The purity of Persius's morals, and the love which be bore his mother, his sister, his aunt, stand to each other reciprocally as cause and effect; and the occasional crudity of his language is, as we have already seen, the crudity of a bookish man, who thinks that the sure way to do a thing is to overdo it. Persius was a man of handsome person, gentle bearing, attractive manners, and added to the charm of his society the interest which always gathers about those whom the gods love.
He died on his estate at the eighth milestone on the Appian Road, vitio stomachi, eight days before the kalends of December, A.U.C. 815—A.D. 62—in the twentyeighth year of his age.
Cornutus first revised the satires of his friend, and then gave them to Caesius Bassus to edit. The only important change that Cornutus made was the substitution of quis non for Mida rex (1, 121), a subject which is discussed in the Commentary. Other traces of wavering expression and duplex recensio are due to the imagination of commentators, who attribute to the young poet a logical method and an exactness of development for which the style of Persius gives them no warrant. Raro et tarde scripsit, the statement of the Life of Persius, explains much.
The poems of Persius were received with applause as soon as they appeared, and the old Vita Persii would have us believe that people scrambled for the copies as if the pages were so many Sabine women. Quintilian, in his famous inventory of Greek and Roman literature, says that Persius earned a great deal of glory, and true glory, by a single book, and here and there the great scholar does Persius homage by imitating him; and Martial holds up Persius with his one book of price, as a contrast to the empty bulk of a half-forgotten epic. But it would not be worth the while to repeat the list of the admirers of Persius in the ages of later Latinity. It suffices to say that he was the special favorite of the Latin Fathers. Augustin quotes or imitates him often, and Jerome is saturated with the phraseology of our poet. Commended to Christian teachers by the elevation of his moral tone, by the pithiness of his maxims and reflections, and the energy of his figures, he was set up on a high chair, a big school-boy, to teach other school - boys, and scarcely a voice was raised in rebellion for centuries. But since the time of the Scaligers, who were not to be kept back by any consideration for the feelings of the Fathers, there has been much unfriendly criticism of Persius; and the world owes him a debt of gratitude for provoking an animosity that has opened the way to a freer discussion of the literary merits of the authors of antiquity. To be subject all one's life through fear of literary death to the bondage of antique dullness, as well as to the thraldom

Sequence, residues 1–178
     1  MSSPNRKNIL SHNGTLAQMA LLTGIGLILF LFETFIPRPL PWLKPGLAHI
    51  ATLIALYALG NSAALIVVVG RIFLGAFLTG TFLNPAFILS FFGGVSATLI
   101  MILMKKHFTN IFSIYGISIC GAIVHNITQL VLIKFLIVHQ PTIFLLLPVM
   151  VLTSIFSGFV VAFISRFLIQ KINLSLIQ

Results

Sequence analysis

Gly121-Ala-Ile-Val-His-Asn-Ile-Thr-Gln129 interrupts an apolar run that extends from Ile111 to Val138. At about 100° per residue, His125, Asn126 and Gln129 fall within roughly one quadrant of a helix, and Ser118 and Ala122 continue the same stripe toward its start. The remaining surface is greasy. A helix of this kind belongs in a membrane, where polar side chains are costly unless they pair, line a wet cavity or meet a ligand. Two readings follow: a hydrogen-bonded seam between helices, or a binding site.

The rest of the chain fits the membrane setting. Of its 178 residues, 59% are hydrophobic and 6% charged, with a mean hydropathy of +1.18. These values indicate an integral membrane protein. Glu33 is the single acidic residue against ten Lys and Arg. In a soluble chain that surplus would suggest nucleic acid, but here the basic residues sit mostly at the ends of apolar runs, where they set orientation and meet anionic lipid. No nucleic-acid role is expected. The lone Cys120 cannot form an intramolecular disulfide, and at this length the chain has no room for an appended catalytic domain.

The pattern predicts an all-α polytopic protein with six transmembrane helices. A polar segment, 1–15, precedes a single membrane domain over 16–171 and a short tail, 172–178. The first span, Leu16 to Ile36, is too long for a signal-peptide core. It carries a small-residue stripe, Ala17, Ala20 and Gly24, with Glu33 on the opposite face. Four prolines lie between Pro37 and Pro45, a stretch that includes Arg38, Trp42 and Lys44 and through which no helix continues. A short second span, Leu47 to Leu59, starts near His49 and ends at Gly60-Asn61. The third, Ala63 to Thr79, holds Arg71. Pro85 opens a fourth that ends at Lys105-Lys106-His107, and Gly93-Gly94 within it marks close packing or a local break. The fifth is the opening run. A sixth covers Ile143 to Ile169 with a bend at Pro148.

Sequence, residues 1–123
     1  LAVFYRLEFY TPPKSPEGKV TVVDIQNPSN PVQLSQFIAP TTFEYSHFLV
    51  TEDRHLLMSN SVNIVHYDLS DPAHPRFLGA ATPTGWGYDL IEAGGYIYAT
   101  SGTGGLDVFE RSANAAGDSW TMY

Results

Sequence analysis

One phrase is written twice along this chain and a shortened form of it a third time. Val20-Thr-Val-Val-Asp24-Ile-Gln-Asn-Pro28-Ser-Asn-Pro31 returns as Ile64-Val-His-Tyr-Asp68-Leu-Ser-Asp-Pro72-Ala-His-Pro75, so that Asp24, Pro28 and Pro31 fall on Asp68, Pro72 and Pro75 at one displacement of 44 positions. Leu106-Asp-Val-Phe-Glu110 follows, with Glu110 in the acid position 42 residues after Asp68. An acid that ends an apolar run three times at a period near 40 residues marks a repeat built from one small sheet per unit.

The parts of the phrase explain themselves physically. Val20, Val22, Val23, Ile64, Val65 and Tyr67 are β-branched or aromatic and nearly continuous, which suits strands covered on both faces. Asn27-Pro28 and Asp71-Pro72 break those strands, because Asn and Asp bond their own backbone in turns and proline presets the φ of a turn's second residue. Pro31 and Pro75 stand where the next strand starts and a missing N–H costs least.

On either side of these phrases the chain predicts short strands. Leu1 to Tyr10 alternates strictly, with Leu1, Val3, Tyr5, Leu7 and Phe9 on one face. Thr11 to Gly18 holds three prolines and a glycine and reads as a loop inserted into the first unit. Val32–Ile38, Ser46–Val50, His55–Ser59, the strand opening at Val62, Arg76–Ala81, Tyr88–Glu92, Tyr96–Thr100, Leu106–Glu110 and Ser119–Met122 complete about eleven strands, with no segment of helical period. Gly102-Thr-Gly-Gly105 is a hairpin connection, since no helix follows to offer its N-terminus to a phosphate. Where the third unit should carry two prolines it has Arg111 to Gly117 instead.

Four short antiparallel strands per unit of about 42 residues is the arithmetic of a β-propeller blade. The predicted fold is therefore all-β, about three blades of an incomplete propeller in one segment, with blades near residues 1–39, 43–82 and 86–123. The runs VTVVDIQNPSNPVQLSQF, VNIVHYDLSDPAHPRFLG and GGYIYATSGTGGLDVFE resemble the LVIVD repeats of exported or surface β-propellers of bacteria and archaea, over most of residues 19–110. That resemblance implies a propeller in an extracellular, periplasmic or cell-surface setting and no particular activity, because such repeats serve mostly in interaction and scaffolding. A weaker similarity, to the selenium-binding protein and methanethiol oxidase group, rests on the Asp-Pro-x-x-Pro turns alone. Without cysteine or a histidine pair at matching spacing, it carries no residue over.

of contemporary stupidity, would have been a sad result of the revival of letters.
The first and last charge brought against Persius is his obscurity. Admitted by all, it is variously interpreted, variously excused, variously attacked. Now it is accounted for by the political necessities of the time. Now it is attributed to the perverse ingenuity of the poet, which was fostered by the perverse tendencies of an age when, as Quintilian says, Pervasit iam multos ista persuasio ut id iam demum eleganter dictum putent quod interpretandum sit. Some simply resolve the lack of clearness into the lack of artistic power; others intimate that the fault lies more in the reader than in the author, whose dramatic liveliness, which puzzles us, presented no difficulties to the critics of his own century. But the controversy is not confined to the obscurity of the satires. Persius is all debatable ground. Some admire the pithy sententiousness of the poet; others sneer at his priggish affectation of superiority. Some point to the bookish reminiscences, which bewray the mere student; others recall the example of Ben Jonson, of Molière, to show that in literature, as in life, the greatest borrowers are often the richest men, and bid us observe with what rare and vivid power he has painted every scene that he has witnessed with his own eyes. To some he is a copyist of copyists; to others his real originality asserts itself most conspicuously where the imitation seems to be the closest. Julius Scaliger calls him miserrimus auctor, Mr. Conington notes his kindred to Carlyle.
No critic has put the problem with more brutal frankness than M. Nisard, who, at the close of his flippant but suggestive chapter on Persius, asks the question, Y a-t-il profit à lire Perse? Though he makes a faint show of balancing the Ayes and Noes, it is very plain how he